Overall, the Map of Tiny Perfect Things is harmless and doesn't really have anything horrible in it. Items just so cookie-cutter and bland, taking an overdone premise and doing nothing new with it. I suppose it will make for a serviceable movie-watching experience, but frankly there are much better time travel movies out there (Safety Not Guaranteed on Netflix, Palm Springs on Hulu, and Donnie Darko come to mind). The Map of Tiny Perfect Things isn't a horrible way to spend 90 minutes, but I'm sure most people will have much better things to do with their time.
Final Score: 57/100.
Daphne & Velma (2018)
Actually kind of good!?
I went in to this movie expecting it to be full of toilet humor and not much else. Instead, I found myself actually enjoying myself whilst watching. A few of the jokes were really funny (particularly an exchange between jocks at a lunch table that is extremely suggestive), and the performances were quite good. Daphne finally gets more of a personality than just "stupid but pretty," and she's played by a person of color, which is always welcome. Velma is quite entertaining as well, delivering a hilariously deadpan performance. And the actual mystery itself isn't super predicable, and in a weird way kind of kept me guessing.
However, the film is far from perfect. Whilst I appreciate trying to do something different with Daphne, the character arc they give her is... strange. It is so completely removed from reality that it's impossible to have any empathy for her. As for Velma, she doesn't really have a defined character arc. I get that they were trying to give her one about how she's strong, but it just wasn't explored enough to really work. Finally, although some of the jokes were funny, just as many were extremely poorly done and (although I hate using this word) cringy. For a movie about technology written by middle-aged people, it could've been a lot worse, but a lot of the jokes still fall fantastically flat.
Overall, Daphne and Velma isn't an Oscar contender, and you shouldn't seek out to watch it if you're above the age of twelve. But for those forced into watching it by a younger sibling or child, they'll have a decent amount of fun.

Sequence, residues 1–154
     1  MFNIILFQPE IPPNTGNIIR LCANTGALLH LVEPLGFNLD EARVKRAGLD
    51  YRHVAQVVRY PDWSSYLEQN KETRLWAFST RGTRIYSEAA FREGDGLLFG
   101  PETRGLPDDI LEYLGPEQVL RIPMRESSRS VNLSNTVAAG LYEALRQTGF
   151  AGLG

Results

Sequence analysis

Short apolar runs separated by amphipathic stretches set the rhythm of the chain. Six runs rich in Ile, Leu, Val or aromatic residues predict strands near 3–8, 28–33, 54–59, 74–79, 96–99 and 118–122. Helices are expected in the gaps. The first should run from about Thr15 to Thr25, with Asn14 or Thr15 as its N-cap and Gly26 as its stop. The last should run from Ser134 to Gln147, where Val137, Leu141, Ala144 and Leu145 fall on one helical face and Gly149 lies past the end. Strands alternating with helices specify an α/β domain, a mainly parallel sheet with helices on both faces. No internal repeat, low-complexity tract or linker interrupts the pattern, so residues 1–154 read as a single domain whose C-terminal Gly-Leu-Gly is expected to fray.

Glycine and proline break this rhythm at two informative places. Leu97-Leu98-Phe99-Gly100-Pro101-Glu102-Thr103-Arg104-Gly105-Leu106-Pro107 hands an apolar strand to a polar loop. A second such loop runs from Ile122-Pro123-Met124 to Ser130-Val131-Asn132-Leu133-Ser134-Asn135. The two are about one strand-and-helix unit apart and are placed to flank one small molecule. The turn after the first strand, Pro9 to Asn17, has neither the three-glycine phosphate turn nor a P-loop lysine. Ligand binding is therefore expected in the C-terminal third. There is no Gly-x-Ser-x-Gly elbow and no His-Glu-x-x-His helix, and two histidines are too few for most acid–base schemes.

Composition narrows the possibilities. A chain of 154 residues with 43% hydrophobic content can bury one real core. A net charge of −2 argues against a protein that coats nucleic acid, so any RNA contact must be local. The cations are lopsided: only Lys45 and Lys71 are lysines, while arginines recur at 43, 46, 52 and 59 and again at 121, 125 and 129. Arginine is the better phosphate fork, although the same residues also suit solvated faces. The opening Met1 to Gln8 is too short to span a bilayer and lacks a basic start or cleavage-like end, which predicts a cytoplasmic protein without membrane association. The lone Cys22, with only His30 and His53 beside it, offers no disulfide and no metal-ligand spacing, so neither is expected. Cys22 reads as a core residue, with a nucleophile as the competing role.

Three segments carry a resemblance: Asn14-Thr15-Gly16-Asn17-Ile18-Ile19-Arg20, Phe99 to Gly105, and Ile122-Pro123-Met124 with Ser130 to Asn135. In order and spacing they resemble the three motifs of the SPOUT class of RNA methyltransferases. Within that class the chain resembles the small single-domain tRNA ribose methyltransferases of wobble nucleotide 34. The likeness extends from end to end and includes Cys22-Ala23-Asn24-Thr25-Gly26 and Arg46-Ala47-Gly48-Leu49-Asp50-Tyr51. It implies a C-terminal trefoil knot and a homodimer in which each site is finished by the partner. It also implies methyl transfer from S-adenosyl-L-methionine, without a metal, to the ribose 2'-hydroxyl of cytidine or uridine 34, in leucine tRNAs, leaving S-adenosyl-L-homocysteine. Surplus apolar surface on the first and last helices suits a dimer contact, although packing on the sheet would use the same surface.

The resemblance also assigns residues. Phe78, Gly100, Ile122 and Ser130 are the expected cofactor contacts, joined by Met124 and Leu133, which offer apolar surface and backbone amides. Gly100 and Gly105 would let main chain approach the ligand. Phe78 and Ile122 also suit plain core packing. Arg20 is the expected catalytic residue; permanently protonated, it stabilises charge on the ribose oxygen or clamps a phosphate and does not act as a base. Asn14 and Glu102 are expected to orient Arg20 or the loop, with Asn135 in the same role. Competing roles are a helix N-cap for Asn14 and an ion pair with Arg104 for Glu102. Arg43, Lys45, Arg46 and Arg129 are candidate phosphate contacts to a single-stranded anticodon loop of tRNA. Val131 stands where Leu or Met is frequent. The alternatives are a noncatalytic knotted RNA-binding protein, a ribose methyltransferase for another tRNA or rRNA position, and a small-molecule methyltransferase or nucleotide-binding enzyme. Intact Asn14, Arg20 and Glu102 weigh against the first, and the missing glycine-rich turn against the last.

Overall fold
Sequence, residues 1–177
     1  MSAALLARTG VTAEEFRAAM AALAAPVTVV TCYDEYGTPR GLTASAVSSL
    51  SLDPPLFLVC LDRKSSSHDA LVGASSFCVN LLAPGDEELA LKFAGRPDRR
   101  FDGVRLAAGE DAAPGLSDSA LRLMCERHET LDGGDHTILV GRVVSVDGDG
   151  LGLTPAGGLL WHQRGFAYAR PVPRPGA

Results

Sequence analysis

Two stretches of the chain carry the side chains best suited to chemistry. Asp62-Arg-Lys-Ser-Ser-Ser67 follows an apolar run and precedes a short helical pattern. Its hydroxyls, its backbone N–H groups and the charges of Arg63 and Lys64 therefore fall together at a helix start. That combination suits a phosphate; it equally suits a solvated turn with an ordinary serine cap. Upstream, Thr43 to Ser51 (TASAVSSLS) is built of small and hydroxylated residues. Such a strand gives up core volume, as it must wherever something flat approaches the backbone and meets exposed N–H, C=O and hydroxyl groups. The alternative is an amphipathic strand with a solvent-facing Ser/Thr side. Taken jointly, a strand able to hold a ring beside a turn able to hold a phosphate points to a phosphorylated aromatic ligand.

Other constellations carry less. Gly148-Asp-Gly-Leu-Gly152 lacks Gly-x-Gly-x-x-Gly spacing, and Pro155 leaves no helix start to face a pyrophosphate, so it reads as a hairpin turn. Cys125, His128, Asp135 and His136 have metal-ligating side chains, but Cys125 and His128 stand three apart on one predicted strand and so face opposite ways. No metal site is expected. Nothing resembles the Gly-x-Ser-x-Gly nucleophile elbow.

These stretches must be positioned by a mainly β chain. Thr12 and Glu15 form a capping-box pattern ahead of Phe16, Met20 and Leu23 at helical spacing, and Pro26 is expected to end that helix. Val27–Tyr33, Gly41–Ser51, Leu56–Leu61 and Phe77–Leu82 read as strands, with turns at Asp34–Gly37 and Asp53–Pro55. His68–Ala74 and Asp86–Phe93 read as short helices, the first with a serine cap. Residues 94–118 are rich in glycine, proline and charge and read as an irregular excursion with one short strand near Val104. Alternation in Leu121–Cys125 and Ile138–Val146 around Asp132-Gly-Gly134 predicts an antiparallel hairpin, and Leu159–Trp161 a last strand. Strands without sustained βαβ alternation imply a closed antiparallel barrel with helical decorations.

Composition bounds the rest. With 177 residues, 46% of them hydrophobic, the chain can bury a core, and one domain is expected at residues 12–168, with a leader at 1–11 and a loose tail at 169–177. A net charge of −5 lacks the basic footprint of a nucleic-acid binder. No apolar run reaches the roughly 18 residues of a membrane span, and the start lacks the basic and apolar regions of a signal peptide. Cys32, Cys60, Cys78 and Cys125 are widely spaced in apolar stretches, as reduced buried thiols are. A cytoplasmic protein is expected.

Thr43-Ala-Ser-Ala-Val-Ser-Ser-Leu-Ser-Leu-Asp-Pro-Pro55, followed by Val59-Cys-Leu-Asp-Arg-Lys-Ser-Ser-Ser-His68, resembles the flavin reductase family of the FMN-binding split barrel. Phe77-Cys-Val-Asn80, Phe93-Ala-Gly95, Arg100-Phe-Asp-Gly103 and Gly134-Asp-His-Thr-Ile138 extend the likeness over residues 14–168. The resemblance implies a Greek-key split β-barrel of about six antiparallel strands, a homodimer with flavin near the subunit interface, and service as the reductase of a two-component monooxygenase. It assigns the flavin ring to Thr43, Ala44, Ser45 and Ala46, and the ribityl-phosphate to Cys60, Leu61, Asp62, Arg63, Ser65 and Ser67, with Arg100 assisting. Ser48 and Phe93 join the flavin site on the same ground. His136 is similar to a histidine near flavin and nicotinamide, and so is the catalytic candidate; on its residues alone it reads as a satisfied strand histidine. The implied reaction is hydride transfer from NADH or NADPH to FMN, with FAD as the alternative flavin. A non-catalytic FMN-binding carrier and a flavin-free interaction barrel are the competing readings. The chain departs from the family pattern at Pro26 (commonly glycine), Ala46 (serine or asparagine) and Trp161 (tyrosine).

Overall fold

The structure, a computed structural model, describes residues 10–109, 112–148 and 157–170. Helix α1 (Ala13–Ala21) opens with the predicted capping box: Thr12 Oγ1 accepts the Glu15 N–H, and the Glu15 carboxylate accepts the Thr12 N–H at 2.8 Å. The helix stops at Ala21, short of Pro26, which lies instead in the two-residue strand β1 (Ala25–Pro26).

Final Score: 61/100.
Love Story (1970)
Today is the 50th anniversary of Love Story, and in honor of it I'm writing this review.
For a film as ubiquitous as Love Story, I expected something a bit more... well, good. Don't get me wrong, it certainly isn't bad, but it's just so conventional and underwhelming. It's basically just a slightly altered retelling of Romeo and Juliet. Perhaps a straightforward story is what the film was aiming for, in order to make the characters easy to relate to and understand. But the problem is, the characters aren't very well-developed, and the actors do a very poor job of selling it. Let's take Jenny, for example. What are her likes? Well, she likes music, teaching, Oliver... oh wait, that's it. What are her hobbies? Literally nothing. The only thing we see her doing aside from loving Oliver is her job, which is teaching kids in a music camp. She doesn't have any hobbies at all. Even stranger, we never see her once with any friends. Why does her personality have to revolve entirely around music and Oliver?
More than likely, Jenny's lack of real interest in much else aside from Oliver can be attributed to 70s misogyny, but that doesn't make it any less bad. Even Oliver seems to be a generic jock character, who's only in Harvard because of his rich dad. Apparently he graduated by doing law stuff, but we never see him learning anything, or struggling with law, or anything really. His entire personality seems to revolve around sports and Jenny. For a movie that got seven Oscar nominations, I expect better developed characters.